Once your home is “camera ready” it’s time to bring in the photographer and prepare to list your home.  Depending on the location, size of your home/lot I do bring in a drone for drone photography.  These photos can provide a potential buyer with a great view of the neighborhood and if you are on a large lot allows them to see just how big the lot is in comparison to other homes in the area.

I know that not everyone has the opportunity to take time when listing your home so I hope that these tips will help if you find yourself in a position that you need to list and sell your home fast.

So You Wanna Buy A House…….

When you start to think about the process of buying a house one of the first questions a future buyer asks is how much home can I afford?   There is so much more to this question that you would think.

The first step and most often the longest step in preparing to buy a home is to start saving money.  Why?  You’ll need money for your downpayment.  There are some loan programs out that will allow you to put down as little as 3.5% of the purchase price to be put down towards the purchase of your home.  Many folks think that they need the traditional 20% like their parents did.  While this is great if you are able to save up for it, it isn’t always realistic.  If you find yourself in a situation where it’s hard to save money one way to help is to look for loan programs that offer downpayment assistance.  They can often be found at your state and local levels.  Not to mention that if you are a first time home buyer there are often incentive programs out there for you.  To find out what options are available to you talking to a trusted local lender is important.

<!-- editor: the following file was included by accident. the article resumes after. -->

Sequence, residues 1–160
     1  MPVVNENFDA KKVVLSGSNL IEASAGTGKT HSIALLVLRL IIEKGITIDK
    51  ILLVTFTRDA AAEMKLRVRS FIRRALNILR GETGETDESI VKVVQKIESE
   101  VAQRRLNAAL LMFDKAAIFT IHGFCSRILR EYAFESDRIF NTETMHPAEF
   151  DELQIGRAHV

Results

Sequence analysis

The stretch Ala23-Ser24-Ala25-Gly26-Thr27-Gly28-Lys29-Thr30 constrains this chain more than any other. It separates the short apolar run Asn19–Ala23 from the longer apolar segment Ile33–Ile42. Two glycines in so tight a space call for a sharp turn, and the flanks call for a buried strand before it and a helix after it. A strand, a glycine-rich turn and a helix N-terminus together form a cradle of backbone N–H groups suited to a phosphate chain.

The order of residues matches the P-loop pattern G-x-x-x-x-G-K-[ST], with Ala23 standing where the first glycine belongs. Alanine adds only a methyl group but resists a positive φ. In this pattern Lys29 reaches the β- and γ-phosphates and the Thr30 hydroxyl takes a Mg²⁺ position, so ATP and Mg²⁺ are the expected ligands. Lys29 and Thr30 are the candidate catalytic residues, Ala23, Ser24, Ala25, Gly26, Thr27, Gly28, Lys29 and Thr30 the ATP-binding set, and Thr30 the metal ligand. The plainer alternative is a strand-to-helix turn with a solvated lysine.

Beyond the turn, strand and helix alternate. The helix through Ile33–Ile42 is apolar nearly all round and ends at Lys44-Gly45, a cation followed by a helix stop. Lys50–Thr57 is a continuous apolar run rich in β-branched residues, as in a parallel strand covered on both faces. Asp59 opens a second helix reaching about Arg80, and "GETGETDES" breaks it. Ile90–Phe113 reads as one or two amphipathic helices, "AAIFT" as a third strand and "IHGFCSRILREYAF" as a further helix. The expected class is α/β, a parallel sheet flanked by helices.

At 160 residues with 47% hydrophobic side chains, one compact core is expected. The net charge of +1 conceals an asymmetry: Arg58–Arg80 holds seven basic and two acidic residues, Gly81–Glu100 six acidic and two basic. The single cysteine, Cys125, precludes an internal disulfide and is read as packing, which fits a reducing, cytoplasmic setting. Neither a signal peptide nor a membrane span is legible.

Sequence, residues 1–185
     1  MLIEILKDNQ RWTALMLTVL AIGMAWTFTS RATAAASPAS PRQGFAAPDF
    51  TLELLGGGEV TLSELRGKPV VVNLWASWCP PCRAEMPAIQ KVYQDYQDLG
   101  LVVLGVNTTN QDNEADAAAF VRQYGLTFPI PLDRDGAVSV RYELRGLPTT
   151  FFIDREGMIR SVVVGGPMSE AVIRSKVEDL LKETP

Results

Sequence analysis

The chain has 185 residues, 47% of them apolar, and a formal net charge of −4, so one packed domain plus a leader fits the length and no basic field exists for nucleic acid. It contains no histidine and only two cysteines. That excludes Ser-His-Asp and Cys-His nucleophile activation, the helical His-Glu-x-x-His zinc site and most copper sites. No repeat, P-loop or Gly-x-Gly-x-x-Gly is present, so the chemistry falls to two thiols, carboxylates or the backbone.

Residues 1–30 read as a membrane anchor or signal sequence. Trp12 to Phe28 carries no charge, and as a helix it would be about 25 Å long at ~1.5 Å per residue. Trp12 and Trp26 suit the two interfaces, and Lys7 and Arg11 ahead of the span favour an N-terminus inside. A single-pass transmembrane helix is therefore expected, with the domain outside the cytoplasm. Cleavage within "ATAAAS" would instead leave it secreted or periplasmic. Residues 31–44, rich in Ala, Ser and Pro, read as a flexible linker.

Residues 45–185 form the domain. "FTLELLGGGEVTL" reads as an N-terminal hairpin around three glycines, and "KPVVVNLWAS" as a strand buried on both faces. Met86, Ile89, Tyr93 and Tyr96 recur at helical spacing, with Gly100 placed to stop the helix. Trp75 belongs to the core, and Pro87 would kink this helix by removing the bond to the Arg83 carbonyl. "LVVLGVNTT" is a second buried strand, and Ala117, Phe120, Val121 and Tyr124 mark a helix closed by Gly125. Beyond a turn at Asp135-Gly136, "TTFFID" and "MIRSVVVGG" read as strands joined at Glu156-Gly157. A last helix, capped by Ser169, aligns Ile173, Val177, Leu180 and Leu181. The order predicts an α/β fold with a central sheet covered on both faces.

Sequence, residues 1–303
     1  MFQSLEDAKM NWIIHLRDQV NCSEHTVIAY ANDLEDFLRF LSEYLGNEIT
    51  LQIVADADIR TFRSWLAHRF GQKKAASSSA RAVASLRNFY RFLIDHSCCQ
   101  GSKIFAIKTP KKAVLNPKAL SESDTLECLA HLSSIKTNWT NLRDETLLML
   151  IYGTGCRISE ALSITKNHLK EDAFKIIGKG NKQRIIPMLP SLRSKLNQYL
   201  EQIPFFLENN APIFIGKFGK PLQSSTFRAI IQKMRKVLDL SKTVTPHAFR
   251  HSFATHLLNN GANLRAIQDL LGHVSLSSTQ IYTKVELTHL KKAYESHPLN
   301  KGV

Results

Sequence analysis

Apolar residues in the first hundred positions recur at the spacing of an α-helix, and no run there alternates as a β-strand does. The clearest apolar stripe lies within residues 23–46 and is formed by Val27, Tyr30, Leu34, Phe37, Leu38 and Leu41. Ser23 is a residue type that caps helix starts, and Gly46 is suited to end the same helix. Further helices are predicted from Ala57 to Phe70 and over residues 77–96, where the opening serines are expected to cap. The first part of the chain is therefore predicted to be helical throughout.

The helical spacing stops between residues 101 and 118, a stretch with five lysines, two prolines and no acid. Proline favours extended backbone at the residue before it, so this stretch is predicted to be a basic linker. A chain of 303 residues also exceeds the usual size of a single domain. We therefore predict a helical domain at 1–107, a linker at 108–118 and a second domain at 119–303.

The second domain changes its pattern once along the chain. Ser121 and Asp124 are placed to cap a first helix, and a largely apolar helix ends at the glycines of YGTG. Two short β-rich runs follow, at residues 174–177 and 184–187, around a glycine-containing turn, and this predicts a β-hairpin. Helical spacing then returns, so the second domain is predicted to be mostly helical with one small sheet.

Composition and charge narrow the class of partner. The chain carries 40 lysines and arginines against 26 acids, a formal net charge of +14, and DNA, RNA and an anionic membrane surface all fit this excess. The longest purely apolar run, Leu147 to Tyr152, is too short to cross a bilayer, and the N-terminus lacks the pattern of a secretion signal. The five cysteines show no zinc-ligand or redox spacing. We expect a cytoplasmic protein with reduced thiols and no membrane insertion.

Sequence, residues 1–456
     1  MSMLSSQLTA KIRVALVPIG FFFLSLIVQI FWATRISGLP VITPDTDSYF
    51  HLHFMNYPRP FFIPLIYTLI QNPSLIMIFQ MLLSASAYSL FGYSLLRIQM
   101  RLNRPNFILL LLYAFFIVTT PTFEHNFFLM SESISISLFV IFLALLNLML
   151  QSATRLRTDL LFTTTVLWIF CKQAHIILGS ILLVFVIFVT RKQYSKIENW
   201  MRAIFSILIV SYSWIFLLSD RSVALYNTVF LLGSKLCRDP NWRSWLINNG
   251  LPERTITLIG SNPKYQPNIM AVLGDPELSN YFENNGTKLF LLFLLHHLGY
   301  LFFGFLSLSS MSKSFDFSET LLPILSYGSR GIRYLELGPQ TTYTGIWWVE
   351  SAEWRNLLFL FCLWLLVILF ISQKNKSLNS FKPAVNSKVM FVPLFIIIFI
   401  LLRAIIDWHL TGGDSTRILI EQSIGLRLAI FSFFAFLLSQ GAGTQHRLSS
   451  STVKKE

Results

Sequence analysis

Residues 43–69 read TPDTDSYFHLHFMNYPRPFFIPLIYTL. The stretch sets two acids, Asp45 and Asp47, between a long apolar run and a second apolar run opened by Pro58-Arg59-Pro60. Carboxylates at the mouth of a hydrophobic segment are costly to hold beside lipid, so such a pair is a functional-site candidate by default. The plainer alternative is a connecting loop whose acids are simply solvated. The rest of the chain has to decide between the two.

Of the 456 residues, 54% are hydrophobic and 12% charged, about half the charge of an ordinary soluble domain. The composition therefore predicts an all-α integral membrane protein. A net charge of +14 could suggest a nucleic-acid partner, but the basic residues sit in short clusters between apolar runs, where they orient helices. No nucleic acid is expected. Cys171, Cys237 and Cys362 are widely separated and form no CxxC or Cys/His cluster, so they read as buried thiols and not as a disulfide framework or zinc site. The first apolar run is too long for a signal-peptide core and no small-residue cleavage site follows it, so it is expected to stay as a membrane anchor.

While you’re saving for your downpayment another expense to remember when you buy a home is that you will have closing costs – the fees associated with conducting the real estate transaction that will need to be paid as well.  These feels are on top of your downpayment.  Having your lender and/or title company prepare an estimated closing cost sheet will help you plan for these expenses.